According to federal statistics, 2020 marks the largest year-over-year increase in homicides in U.S. history. As Americans have been affected by the Kovid-1 pandemic epidemic, the number of homicides has risen by 0 percent compared to the previous year. But the risk of death for black girls and women is the most worrying information.
Guardian Reported that at least four black women and girls were killed every day in 2020. The FBI reports that despite the astonishing increase in the number of black women and girls, the actual number is probably higher than the 555 additional murders recorded in 2014.
Black women face a murder that is three times that of white women. The CDC has been reporting since at least 2017 that black women face a significant rate of homicide compared to other female populations in the United States. According to the CDC, the number of murders of black women seems to have increased even before last year’s killings. Records show that overall black men and boys died an additional 2,400 people in 2019, with the highest number of homicides. However, the number of black women facing a similar population is still staggering.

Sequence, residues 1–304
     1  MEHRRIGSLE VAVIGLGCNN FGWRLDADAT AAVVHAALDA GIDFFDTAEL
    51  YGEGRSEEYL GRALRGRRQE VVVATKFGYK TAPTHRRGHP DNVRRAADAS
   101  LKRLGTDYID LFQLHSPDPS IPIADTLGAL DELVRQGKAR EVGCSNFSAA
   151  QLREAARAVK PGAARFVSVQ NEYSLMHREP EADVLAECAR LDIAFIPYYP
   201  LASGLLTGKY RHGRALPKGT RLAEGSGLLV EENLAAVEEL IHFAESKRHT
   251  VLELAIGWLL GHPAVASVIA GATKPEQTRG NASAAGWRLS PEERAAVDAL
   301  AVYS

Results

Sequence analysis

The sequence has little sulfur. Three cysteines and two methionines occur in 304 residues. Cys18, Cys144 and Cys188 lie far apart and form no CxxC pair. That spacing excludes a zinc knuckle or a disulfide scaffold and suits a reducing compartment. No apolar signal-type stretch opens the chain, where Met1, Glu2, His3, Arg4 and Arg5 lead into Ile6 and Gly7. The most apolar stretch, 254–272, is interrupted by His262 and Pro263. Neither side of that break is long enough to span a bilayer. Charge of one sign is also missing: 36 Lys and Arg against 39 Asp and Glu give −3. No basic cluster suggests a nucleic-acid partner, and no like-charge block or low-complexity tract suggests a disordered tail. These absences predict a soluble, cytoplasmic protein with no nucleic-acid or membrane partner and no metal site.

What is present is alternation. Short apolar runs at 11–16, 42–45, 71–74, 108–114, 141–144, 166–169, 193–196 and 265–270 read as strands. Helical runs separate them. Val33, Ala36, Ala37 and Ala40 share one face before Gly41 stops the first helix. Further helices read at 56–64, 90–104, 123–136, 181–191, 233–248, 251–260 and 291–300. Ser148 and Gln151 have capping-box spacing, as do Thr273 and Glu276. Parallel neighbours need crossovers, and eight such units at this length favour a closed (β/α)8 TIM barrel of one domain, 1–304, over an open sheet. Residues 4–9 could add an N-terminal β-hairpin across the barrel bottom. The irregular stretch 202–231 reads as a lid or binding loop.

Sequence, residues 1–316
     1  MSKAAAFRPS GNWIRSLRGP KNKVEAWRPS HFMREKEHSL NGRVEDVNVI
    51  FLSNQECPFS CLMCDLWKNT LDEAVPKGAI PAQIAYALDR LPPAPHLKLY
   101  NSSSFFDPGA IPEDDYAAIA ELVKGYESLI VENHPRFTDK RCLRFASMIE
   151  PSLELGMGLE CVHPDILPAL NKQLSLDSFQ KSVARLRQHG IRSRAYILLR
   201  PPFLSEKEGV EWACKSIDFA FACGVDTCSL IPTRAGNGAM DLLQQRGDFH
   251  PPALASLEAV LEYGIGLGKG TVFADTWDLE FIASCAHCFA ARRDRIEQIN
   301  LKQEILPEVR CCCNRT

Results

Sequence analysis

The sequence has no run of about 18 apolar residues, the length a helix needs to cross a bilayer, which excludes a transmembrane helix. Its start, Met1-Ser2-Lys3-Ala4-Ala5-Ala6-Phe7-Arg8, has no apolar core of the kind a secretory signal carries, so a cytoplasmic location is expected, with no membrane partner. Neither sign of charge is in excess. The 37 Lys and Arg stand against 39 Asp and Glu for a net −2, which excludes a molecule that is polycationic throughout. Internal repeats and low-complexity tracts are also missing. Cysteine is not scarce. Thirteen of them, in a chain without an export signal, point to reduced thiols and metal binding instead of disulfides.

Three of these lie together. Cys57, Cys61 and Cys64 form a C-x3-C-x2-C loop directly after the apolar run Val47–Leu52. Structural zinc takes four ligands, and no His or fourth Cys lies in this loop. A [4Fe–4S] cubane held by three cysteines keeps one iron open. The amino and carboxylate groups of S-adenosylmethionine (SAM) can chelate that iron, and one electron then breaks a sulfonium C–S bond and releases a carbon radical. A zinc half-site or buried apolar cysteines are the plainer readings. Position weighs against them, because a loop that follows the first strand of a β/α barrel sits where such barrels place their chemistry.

“There is not a moment in our society where there has been an account of the special kind of violence against black women.” Kimberly Cranash Says Guardian.
October is Domestic Violence Awareness Month in the United States, and while the rise of the murder of black women is not exclusive to crime among partners, most of the murdered girls and women know their killer.
In recognition, President Biden Issued a declaration, in part,
“In the United States, homicides are one of the leading causes of death for women under the age of 44, and nearly half are killed by current or former male intimate partners. Confronted, have increased isolation time with their abusers and have limited contact with their support networks.
Black Femicide US, an advocacy group that monitors violence and killings of black women and girls, says it has tracked 1,068 murders of black women and girls by 2021.
Ori Monroe, An organizer of Black Femicide US and co-founder of the Black Women Lead / Black Fame Fund, expressed high frustration.
“When things go bad, black women are the first to suffer,” she said.